Elizabeth Ashley: Sheer Majesty, All The Time

Elizabeth Ashley: Sheer Majesty, All The Time

I knew Elizabeth Ashley's mother--Miss Lucille-- a lovely and sweet woman who crafted the most remarkable works of art, and who opened her heart, her home, and her copious scrapbooks kept for her talented daughter. Miss Lucille gave to her daughter those enormous brown eyes ("like chocolates from the Gods," Tenn remarked), and she loved to speak of her daughter and of her grandson.

I wrote a profile on Elizabeth for a Baton Rouge publication in 1979, and she was sweet about it and thought it charming. Elizabeth has always been kind and open to me, but she chose not to be interviewed for Follies of God. I believe that her experiences with Tenn are hers and hers alone. 

I love her, and I love her talent, and here are some of the notes from Tenn on the woman he called "sheer majesty, all the time, up and down, every time, without fail. My buddy."


"Elizabeth Ashley is precariously talented, and I do not mean her talent is precarious--it does not sit perilously close to extinction nor does it fail to reach its objective: I mean that her talent seems always to be utilized to reveal the precarious, the dangerous, yet utterly real emotional predicaments of whichever character she happens to be playing. She does not subvert the text of the play on which she works, although this would, at times, be a good and sound idea: she is loyal to whatever is presented to her, but that same text--good or bad--is run through the sieve that is her unerring instinct, her brutal eye, and her scalding talent, and what you get is violently good.

"I have only said of a handful of people that I would not wish to come between them and an honest thought or gesture or statement, and Elizabeth--my pal, Liz--is one of those people. I think that honesty has saved her, and I think that honesty is what she prizes most in her life--not merely her theatrical life. When I witness Liz at her most uncomfortable, it is when she is forced to speak to people with whom she has no connection, for whom she has no respect, from whom she can receive nothing she can turn around and use in a gift to a friend or a lover or a part: She moves constantly; she thinks constantly. I cannot keep up with her.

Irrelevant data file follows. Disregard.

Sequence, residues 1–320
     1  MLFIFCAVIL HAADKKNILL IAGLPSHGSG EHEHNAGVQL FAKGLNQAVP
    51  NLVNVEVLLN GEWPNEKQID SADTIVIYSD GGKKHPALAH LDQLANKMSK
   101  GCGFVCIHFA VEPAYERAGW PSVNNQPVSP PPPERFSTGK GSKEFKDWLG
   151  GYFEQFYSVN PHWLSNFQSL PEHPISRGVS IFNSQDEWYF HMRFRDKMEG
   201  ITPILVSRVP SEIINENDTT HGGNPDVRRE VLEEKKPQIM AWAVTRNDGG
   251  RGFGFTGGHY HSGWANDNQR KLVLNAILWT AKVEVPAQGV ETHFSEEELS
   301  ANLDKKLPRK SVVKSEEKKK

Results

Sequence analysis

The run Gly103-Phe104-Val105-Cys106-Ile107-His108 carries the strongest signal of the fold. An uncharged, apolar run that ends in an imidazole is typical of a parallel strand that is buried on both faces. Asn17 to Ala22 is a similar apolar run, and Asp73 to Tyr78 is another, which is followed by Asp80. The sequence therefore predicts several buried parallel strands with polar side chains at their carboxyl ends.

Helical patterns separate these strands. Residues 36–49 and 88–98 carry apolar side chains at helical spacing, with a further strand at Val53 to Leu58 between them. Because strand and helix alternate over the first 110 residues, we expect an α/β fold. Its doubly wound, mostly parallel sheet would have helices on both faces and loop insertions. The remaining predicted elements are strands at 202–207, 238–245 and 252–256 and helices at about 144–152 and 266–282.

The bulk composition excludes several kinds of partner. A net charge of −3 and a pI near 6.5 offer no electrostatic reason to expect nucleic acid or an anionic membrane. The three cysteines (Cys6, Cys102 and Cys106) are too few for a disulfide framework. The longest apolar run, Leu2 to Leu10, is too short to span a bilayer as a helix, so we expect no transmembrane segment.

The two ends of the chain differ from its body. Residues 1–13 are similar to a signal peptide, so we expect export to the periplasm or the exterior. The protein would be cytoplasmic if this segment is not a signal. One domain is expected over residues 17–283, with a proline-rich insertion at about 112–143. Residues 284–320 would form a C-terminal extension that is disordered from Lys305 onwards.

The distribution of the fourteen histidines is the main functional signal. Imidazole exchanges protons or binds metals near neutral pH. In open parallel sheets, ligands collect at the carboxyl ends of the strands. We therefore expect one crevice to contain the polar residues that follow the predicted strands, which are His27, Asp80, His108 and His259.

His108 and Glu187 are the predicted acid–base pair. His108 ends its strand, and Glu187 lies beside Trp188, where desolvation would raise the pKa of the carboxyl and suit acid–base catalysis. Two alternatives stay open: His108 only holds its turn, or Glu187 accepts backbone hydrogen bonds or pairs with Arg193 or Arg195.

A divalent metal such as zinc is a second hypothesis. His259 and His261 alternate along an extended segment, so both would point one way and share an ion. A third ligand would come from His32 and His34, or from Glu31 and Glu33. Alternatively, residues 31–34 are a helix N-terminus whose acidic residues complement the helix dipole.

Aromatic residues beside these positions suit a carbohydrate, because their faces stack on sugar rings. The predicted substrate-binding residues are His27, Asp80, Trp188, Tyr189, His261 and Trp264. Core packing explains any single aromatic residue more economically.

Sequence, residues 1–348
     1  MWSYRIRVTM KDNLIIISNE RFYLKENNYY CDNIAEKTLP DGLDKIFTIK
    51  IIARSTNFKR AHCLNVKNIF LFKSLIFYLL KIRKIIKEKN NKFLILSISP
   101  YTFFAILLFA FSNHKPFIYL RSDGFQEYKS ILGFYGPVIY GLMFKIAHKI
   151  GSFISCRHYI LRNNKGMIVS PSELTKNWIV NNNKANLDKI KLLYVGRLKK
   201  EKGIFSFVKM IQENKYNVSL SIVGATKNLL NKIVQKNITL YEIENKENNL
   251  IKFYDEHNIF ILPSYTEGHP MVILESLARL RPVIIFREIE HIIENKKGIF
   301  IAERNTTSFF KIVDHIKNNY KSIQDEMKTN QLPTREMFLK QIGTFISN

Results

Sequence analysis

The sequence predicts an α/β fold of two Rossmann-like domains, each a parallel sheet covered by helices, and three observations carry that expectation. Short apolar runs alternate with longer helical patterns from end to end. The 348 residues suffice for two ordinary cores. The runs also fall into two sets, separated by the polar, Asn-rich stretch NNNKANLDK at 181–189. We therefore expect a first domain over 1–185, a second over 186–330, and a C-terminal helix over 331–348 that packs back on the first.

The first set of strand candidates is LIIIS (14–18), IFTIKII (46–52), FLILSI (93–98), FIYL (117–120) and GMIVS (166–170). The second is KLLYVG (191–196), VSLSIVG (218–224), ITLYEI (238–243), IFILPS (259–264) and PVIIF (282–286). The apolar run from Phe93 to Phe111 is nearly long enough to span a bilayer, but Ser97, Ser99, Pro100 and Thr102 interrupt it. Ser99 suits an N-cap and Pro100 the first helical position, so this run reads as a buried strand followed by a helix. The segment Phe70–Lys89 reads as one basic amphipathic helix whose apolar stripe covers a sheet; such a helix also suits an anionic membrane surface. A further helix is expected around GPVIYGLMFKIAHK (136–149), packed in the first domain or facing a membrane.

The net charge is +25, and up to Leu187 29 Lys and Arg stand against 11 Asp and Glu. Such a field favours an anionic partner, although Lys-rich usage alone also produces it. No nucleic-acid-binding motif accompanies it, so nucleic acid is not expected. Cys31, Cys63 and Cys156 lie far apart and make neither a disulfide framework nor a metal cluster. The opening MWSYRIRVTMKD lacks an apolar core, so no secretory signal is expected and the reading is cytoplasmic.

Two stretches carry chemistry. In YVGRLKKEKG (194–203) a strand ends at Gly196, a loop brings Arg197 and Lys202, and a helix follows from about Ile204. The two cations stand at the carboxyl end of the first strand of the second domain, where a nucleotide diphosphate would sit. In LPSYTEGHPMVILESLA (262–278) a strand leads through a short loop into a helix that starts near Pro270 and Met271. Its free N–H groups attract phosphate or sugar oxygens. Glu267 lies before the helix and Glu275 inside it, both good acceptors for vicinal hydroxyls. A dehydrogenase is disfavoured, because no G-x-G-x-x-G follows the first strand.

"She dreamed a new life for herself in a garage, dusty and silent, her only audience motes of dust. She danced and acted and furiously projected herself out of Baton Rouge and the limitations that had weighed down her mother and might destroy her. Elizabeth would not be accepted as an actress until she met people of discernment and daring: in her hometown she was nothing, scared, a fighter. She was very much like me. She crafted a person who became an artist. Know her story. Fight to get it.

 Elizabeth Ashley by Hirschfeld

"She now owns Maggie the Cat, I believe. While Liz is lovely and shrewd and could no doubt find her way into the heart and glandular sense memory of any man on earth, she played that part with all of the sexual and intellectual insecurity the part demands. Not once did she ask for pity, or provoke us through easy effect, but I think she shattered people in a way I had never seen. Unrequited love is thought of as flowery, as something endured in a tubercular swoon, but it is, in fact, a violent, angry convulsion of emotions. I know of what I speak, and I wrote that part--within, at times, the rhythms of the Book of Common Prayer--with many pleas and prayers, angry and fervent, and only Liz got that. She replicates nothing from other actresses or memories in other theatres: she replicates what women throughout history have felt, shared, suppressed, regretted, aborted, hidden away.

"I think she is remarkable. A good friend; a great actress. I hope that the billing will not offend her, and that she will not take me to task for extolling her friendship above her work, but her personal gifts are as rare--if not rarer--than those she displays on the stage, in the rehearsal room, on a dark night when I need reassurance or clarity or criticism that gets me back to work, contributing, being truthful.

"In my mind's eye she awaits me on some shore, waving and laughing and ready to tell me something wickedly funny--about me, about herself, about life. And then we get to work, to the brutal, brilliant, fascinating task of living and mattering."


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